Ten Years After The Breivik Attack In Utoya: "We Have Not Learned The Danger Of Extremism"

In 2011, Sindre Lysø was 15 years old and it was the second time she had attended the famous summer camp of the League of Workers’ Youth (AUF), affiliated with the Norwegian Labor Party, organized on the island of Utoya. On July 22, while at a briefing, the kids learned that there had been an explosion in Oslo. “I remember we told ourselves that we were probably in the safest place on Earth,” he tells elDiario.es. “Minutes later, we started hearing gunshots.”

“I was in the upper part of the tent area and survived by running with many others into the forest,” he recalls. They made it to shore and some jumped into the water, but Lysø hid in the bushes, from where she could see Anders Breivik committing the worst attack on Norway since World War II.


That day, Breivik disguised himself as a policeman, parked a van loaded with explosives outside the main government building in Oslo and drove off in a car that was parked nearby. Minutes later, the bomb exploded and killed eight people. Meanwhile, the terrorist was already on his way to the island of Utoya, 40 kilometers away, where the youth organization held its annual camp. He said that he had been sent by the authorities to protect the island and subsequently began his massacre for one hour and thirteen minutes. He killed everyone he came across. At that time there were 564 people on the island and he murdered 69, 33 of them minors.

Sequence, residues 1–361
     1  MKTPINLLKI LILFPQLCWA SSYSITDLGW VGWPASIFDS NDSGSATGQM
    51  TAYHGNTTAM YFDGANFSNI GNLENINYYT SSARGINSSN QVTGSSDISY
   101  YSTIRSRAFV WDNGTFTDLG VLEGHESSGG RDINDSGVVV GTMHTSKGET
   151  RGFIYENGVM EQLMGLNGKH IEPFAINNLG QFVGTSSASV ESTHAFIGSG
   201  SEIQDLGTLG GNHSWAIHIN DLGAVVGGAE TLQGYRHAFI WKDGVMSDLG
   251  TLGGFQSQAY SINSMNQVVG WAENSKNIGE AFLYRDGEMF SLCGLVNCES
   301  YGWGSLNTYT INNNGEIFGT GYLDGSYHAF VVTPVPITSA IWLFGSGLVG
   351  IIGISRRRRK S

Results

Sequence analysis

Ten years after that attack, Lysø is 25 and is now AUF general secretary. He assures that what he suffered on the island reinforced his commitment to politics. “It was not a random attack, but we were attacked for our values. It was important to do politics before the attack, but afterwards it is even more important because we will never let those forces win,” he says. “For many it was very difficult to return to politics and they have suffered or continue to suffer a lot to recover their lives, but for me, personally it has been very good to have the AUF and make this common journey with other colleagues.”